Charitable giving strategies may vary depending on your specific goals and circumstance. We recommend consulting with a tax or wealth advisor to identify the charitable strategies best suited for you. Please contact us with any questions or to schedule an appointment.

Editor’s Note: This article was originally published in November of 2020. It has been updated to reflect gifting strategies for 2024.

  • Schultz Financial Group, Inc. (“SFG”) which is a registered investment adviser, drafted this blog post for its website and for the use of its clients or potential clients. Any other distribution of this blog post is strictly prohibited. Registration as an investment adviser is not an endorsement by securities regulators and does not imply that SFG has attained a certain level of skill, training, or ability. While the content presented is believed to be factual and up to date, it is based on information obtained from a variety of sources. SFG believes this information is reliable, however, it has not necessarily been independently verified. SFG does not guarantee the complete accuracy of all data in this blog post, and it should not be regarded as a complete analysis of the subjects discussed. All expressions of opinion reflect the judgment of SFG as of the date of publication and are subject to change. This blog post does not constitute personalized advice from SFG or its affiliated investment professionals, or a solicitation to execute specific securities transactions. SFG is not a law firm and does not intend for any content to be construed as legal advice. Readers should not use any of this content as the sole basis for any investment, financial planning, tax, legal or other decisions. Rather, SFG recommends that readers consult SFG and their other professional advisers (including their lawyers and accountants) and consider independent due diligence before implementing any of the options directly or indirectly referenced in this blog post. Past performance does not guarantee future results. All investment strategies have the potential for profit or loss, and different investments and types of investments involve varying degrees of risk. There can be no assurance that the future performance of any specific investment or investment strategy, including those undertaken or recommended by SFG, will be profitable or equal any historical performance level. Any index performance data directly or indirectly referenced in this blog post is based on data from the respective copyright holders, trademark holders, or publication/distribution right owners of each index. The indexes do not reflect the deduction of transaction fees, custodial charges, or management fees, which would decrease historical performance results. Indexes are unmanaged, and investors cannot invest directly in an index. Additional information about SFG, including its Form ADV Part 2A describing its services, fees, and applicable conflicts of interest and Form CRS is available upon request and at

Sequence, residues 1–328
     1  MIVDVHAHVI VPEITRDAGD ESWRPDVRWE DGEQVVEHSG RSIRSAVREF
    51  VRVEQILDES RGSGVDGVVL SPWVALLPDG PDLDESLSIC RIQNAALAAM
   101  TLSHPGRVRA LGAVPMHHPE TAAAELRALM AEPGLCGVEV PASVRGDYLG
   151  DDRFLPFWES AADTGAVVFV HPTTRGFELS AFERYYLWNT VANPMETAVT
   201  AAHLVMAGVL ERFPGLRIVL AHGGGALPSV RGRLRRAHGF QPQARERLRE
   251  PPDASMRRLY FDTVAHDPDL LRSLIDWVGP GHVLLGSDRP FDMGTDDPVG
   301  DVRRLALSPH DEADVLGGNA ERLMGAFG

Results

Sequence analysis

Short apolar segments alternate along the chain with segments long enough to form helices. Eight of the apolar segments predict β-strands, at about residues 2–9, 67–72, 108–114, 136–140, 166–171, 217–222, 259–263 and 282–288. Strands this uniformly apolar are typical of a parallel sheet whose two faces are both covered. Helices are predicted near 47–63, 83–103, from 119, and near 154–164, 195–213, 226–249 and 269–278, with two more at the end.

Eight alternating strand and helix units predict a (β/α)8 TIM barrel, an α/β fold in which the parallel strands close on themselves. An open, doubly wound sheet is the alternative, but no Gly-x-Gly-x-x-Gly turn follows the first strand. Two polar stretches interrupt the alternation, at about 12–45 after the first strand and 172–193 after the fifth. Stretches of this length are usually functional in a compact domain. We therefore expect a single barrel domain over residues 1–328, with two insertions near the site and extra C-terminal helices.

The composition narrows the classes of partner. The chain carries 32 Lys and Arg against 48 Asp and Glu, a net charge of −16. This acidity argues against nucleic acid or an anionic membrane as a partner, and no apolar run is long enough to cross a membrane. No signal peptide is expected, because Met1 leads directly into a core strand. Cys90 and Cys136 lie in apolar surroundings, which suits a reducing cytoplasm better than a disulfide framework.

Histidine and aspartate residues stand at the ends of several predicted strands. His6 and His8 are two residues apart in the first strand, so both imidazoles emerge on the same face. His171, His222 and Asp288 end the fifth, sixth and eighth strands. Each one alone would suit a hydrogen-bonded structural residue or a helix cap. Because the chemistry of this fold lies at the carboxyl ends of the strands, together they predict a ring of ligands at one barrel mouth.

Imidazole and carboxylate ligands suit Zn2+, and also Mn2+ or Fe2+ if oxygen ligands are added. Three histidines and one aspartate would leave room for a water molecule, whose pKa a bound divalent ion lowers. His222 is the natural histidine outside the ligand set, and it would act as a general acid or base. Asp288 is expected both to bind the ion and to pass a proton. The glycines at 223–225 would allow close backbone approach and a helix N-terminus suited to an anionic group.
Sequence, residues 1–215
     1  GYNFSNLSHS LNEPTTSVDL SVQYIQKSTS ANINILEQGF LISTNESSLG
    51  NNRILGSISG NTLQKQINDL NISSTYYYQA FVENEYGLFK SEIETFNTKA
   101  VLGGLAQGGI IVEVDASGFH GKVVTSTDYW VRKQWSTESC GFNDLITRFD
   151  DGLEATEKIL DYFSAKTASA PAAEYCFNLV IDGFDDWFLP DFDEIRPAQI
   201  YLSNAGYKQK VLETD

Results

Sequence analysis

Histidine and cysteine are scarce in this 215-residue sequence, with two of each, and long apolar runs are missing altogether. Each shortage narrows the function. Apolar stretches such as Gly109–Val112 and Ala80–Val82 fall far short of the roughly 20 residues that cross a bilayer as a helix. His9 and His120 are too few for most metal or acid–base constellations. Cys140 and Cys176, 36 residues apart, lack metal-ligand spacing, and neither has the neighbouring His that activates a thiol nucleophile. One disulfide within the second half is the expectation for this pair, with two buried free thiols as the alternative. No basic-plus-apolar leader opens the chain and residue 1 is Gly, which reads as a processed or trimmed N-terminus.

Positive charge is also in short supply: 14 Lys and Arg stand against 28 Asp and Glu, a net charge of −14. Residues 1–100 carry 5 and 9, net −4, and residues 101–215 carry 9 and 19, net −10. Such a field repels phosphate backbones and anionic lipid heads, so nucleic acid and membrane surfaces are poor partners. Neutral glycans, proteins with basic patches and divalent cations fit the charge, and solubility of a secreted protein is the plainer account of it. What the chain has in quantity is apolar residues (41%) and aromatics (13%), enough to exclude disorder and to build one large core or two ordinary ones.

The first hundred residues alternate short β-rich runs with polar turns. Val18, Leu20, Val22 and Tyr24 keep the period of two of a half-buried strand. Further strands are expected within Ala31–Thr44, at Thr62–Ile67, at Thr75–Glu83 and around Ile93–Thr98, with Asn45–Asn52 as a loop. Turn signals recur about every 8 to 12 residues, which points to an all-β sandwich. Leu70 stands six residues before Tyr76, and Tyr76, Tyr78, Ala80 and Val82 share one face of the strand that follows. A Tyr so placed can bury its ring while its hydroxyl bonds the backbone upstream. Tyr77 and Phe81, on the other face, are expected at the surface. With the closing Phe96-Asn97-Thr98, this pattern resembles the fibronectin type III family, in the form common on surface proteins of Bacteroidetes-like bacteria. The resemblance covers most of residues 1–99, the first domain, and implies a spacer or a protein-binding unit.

• More Insights from SFG

    December, 2023
    Social Security Benefits Increasing in 2024

    Each year, the Social Security Administration announces the annual cost-of-living adjustment (COLA). The Social Security Administration has announced that Social Security and Supplemental Security Income (SSI) benefits will increase for 2024.